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The Earthquake and the Tsunami on the Indian Ocean

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The earthquake and the tsunami on the Indian Ocean (2004)

On 26th of December 2004, the most horrible nightmare came true for the people living in the countries located on the Indian Ocean; Indonesia, Malaysia, Thailand, India, Sri Lanka and the Maldives. It’s one of those episodes that still are remembered today and are in the back of people’s minds. It was series of underground-earthquakes that were triggered, and the first and the most powerful earthquake at magnitude 9,3 on the Richter’s scale.

It began 7:58 AM (Indonesia’s time). The earthquake was starting, and Jakarta’s geophysics institute registered it at magnitude 6.5 at the Richter’s scale. The United States Geological Survey reported the magnitude was at 8.1, but after analyses it was then increased to 8.5, afterwards 8.9, and at the end 9.0. After 16 minutes, a warning was published by Hawaii.

The biggest disaster struck after 30 minutes, though, when strong waves (that were up to 10 meters high) began hitting the west coast of Sumatra. Only 1 to 2 hours later, the waves came to Thailand, south Myanmar and parts of Malaysia. In Sri Lanka, the waves came 1 to 2 hours after the earthquake. The waves that hit Maldives 4 hours later were not as strong, though… they were still stronger than the waves that hit Kenya, Somalia and Tanzania 6 to 7 hours thereafter.

Like I mentioned, the earthquake was first measured at 6.5 at the Richter’s scale, but at the end (after analyses), it was measured at 9.3. The hypocenter was at 3.316°N, 95.855°Ø, about 16 kilometers west for Sumatra and north for the island Simeulue, about 30 kilometer under sea level. This is in the utmost western end of the earthquake-belt called “Pacific Ring of fire” that accounts for 81% of the world’s stronger earthquakes.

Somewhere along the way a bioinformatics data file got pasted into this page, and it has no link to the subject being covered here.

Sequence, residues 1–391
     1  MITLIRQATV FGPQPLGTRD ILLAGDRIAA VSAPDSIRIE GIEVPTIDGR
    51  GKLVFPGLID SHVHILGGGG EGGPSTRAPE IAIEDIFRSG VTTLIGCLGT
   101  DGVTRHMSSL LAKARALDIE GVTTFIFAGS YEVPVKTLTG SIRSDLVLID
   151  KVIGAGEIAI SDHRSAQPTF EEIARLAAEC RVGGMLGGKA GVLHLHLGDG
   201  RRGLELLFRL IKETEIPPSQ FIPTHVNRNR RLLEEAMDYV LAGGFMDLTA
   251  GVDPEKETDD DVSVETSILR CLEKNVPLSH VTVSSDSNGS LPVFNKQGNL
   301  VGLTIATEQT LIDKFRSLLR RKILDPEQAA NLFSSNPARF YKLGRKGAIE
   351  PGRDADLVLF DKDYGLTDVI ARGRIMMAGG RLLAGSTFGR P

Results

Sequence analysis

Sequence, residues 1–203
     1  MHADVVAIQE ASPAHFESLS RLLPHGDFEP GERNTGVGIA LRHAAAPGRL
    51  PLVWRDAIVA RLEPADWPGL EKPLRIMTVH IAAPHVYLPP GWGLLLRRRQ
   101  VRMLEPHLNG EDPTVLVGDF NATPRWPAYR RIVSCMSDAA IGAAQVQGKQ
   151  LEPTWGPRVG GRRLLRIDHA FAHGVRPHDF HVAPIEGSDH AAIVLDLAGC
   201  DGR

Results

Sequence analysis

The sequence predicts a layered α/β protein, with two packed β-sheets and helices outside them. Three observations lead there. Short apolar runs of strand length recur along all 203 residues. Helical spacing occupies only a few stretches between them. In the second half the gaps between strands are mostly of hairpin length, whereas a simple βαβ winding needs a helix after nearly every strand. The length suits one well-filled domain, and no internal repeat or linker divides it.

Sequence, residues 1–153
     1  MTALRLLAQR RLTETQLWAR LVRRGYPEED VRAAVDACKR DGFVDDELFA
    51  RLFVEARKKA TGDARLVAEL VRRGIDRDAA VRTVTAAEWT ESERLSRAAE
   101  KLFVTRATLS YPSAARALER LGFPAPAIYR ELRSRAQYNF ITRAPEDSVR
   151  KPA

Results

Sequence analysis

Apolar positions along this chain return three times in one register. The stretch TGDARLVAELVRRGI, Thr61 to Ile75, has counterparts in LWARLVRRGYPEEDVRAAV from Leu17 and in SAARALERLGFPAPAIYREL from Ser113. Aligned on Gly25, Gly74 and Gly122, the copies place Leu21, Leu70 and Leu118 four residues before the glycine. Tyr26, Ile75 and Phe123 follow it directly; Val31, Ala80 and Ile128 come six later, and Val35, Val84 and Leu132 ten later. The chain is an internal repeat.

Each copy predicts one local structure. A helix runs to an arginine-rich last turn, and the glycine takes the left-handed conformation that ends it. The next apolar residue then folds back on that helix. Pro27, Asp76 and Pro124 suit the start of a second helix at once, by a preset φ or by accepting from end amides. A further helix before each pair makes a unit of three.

The earthquake on the Indian Ocean got an abnormally geographical size from the starting point in south and along the fault line north towards Myanmar. 1200 kilometers of the geographical fault line was in movement along the subduction zone, where the Indian plate went under the Burma plate. The seabed under the Burma plate was apparently lifted up 10 meters vertically over the Indian plate. This triggered the shockwaves on the Indian Ocean that moved up to 800 km/h, also causing the tsunamis where they reached land.

The aftershocks came just three days after with a strong earthquake at magnitude 8.2 in a deserted sea area towards Antarctica. This is not normal, because in average only one earthquake over magnitude 8 or stronger occurs once in a year. The Indian Ocean earthquake and this one have a connection, because these two earthquakes took place at each end of the Indo-Australian plate.

More aftershocks happened after that too, especially by the Andaman Islands and the Nicobar Islands. All of earthquakes were at least over magnitude 6 on the Richter’s scale.

Over 28400 people died that day, most of them from Indonesia, Sri Lanka and India.…...

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